The International Olympic Committee had refused to invite the group of Russians, saying it had evidence of alleged doping in Russian sports.

After two days of hearings, the Court of Arbitration for Sport ruled that the IOC has the right to set its own standards for who is eligible.

CAS Secretary General Matthieu Reeb, reading from a statement and declining to take questions, said the IOC process “could not be described as a sanction but rather as an eligibility decision.”

“The CAS panel found that the applicants did not demonstrate that the manner in which the two special commissions   the Invitation Review Panel and the Olympic Athlete from Russia Implementation Group   independently evaluated the applicants was carried out in a discriminatory, arbitrary or unfair manner. The Panel also concluded that there was no evidence the (commissions) improperly exercised their discretion.”

The IOC issued a statement saying: “We welcome this decision which supports the fight against doping and brings clarity for all athletes.”

A vetting process was designed to exclude Russian athletes from the games if IOC officials weren’t sure they were clean, even if they hadn’t been banned for doping.

Following that, the IOC invited 168 Russians to participate as “Olympic Athletes from Russia,” competing in neutral uniforms under the Olympic flag in a decision designed to balance the rights of individual athletes with the need for a strong deterrent to doping.

The CAS ruling is a heavy blow to Russian medal chances in Pyeongchang.

Among those excluded are six-time gold medalist Viktor Ahn, the short track speedskater whose return to his native South Korea for the Olympics had been hotly anticipated by local fans.

Also out are cross-country skiing gold medalist Alexander Legkov and skeleton gold medalist Alexander Tretiakov, as well as potential medal contenders in biathlon, luge and bobsled.

Three former NHL players   Sergei Plotnikov, Anton Belov and Valeri Nichushkin   also lost appeals, though it was widely considered unlikely they’d have played even if they’d been successful, since the Russian roster is already full.

U.S. Anti-Doping Agency chief executive Travis Tygart said the decision was a “a small glimmer of hope in an otherwise dark and sordid affair.”

“You hope justice has been served but how some of these athletes can keep dirty medals from Sochi but be excluded now is hard to reconcile,” Tygart said. “And why the IOC rushed the process on the Sochi medal decisions is unexplainable and a tragedy for clean athletes.”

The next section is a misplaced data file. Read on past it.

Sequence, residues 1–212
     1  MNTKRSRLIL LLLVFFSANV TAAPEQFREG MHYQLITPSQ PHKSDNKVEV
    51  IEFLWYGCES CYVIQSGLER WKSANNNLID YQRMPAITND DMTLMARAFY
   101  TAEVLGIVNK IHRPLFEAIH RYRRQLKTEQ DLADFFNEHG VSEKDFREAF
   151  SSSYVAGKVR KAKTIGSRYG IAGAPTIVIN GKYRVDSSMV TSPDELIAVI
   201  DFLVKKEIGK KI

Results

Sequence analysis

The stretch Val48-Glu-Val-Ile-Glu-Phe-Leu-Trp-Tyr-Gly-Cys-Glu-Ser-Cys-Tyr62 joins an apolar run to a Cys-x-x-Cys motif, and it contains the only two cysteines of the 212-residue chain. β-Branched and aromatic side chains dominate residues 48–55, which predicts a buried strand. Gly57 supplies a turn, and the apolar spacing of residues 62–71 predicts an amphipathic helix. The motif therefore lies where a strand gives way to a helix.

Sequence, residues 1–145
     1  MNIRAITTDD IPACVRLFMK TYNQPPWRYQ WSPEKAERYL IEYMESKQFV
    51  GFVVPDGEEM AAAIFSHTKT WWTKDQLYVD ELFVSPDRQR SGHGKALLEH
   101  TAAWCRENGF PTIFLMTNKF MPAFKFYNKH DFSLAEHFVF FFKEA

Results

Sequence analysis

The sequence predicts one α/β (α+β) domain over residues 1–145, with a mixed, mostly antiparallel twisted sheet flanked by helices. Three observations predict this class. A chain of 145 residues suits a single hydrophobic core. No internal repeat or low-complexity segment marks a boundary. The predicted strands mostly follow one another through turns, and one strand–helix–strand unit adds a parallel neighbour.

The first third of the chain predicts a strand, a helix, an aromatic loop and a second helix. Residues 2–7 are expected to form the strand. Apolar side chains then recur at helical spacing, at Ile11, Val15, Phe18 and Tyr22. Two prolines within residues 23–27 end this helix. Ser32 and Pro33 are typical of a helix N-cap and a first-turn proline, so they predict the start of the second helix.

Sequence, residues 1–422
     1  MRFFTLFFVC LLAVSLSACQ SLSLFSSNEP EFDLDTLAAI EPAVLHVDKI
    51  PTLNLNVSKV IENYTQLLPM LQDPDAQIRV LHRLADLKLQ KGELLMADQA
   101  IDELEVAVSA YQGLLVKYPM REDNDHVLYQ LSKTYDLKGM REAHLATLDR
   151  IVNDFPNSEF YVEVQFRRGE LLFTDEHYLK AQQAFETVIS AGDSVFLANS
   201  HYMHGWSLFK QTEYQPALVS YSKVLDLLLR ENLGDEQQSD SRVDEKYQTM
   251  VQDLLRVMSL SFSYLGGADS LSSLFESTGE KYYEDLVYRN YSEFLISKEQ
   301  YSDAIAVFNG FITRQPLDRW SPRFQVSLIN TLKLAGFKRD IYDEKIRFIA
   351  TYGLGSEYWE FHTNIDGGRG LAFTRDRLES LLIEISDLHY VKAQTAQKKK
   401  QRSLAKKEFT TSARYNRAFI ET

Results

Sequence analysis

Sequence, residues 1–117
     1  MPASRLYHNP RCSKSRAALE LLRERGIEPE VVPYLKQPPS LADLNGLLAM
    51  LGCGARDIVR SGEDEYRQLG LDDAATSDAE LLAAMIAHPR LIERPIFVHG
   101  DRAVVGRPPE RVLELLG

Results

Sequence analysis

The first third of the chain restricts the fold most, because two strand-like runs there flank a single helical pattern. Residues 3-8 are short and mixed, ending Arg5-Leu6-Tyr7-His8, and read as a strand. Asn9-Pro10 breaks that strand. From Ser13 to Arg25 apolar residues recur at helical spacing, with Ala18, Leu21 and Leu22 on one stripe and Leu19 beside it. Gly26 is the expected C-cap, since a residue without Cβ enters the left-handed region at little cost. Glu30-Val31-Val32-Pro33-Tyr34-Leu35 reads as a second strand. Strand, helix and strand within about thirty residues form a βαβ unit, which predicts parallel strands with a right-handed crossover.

The ruling comes a day after the first Olympic competitions began and ends more than a week of uncertainty for two groups of athletes who lodged last-ditch cases to the CAS.

As well as the 45 athletes, the ruling covers a luge coach and a skeleton coach.

The IOC has refused to comment on individual Russian athletes but says it decided who to exclude using a newly obtained Moscow laboratory database with evidence of past doping offenses.

It refused to invite some Russians even after their disqualifications from the 2014 Olympics were lifted by CAS last week.

Stephen Hess, an international sports lawyer based in Colorado Springs, Colorado, said the decision was a victory for the IOC.

“There is no absolute right to get an invitation from the IOC to come to the Olympics,” Hess said in a telephone interview. “That was within the IOC’s discretion, and they didn’t exercise it arbitrarily. If Russia had an Olympic team, CAS might have said: ‘IOC, the Russians can put them on their own team. You can’t keep them out.’ But Russian doesn’t have an Olympic team.

“Even though CAS earlier decided there was insufficient evidence to sanction individual Russian athletes, nonetheless it decided that since the Russian Olympic Committee had been barred from sending a team, the IOC had discretion as to what athletes it would let into the Games.”

The IOC pointed to a CAS statement that declared the Russians were not necessarily innocent of doping, just that the evidence was insufficient to ban them. Also, the IOC said, “there were additional elements and/or evidence, which could not be considered” in last week’s CAS case “that raised suspicion about the integrity of these athletes.”

U.S. athletes praised the decision and the end to uncertainty of participation of some Russian athletes.

“That is great news,” said U.S. women’s skeleton athlete Katie Uhlaender, who placed fourth in the Sochi Olympics   one spot behind bronze medalist Elena Nikitina, who was one of the 45 appealing her ban. U.S. bobsledder Nick Cunningham said he’s tried to not focus on the will-they-or-won’t-they drama surrounding the Russians.

“It’s not going to change what happens to me in the next two weeks,” Cunningham said. “If dirty athletes are taken out, then clean athletes will prevail. That’s what I hope.”


Date created : 2018-02-09

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All 11 idle trauma care units to be merged with district hospitals

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All 11 idle trauma care units to be merged with district hospitalsDEHRADUN: All the 11 trauma care units (TCUs) — which have become redundant due to lack of doctors — located in seven districts of Uttarakhand will now be merged with nearby district hospitals. The move will boost health care as these hospitals will now get additional infrastructure of the TCUs.

In the wake of rising number of pilgrims taking the Char Dham Yatra, more tourist footfall, increasing incidents of natural calamities and human-wildlife conflict, the health department, with the support of the Centre’s national health mission, constructed these TCUs, but these remained idle due to lack of doctors.

Initially, the trauma centres, which are located close to district hospitals or are situated within 100 m distance, will be merged. There are three trauma centres in Dehradun district (one each in Rishikesh, Vikasnagar and Dehradun). Chamoli and Almora have two trauma centres each while Udham Singh Nagar, Uttarkashi, Bageshwar and Haridwar have one each.

One of the reasons behind the failure in running these TCUs is the guideline that there should be at least 11 experts in each centre to cater to the needs of patients. According to experts, it is mandatory to have at least a neurosurgeon, orthopaedic surgeon and anaesthetists in each TCU. But scarcity of such experts have pushed the health department to close this centres.

Speaking to the media, director of health and family welfare department, Dr Archana Srivastava, said, “Most of the TCUs are lying unused or their infrastructure is not being utilised fully. We have now decided to use all available resources for providing health care to the public by merging these TCUs with district hospitals, as those assets also belong to the health department.”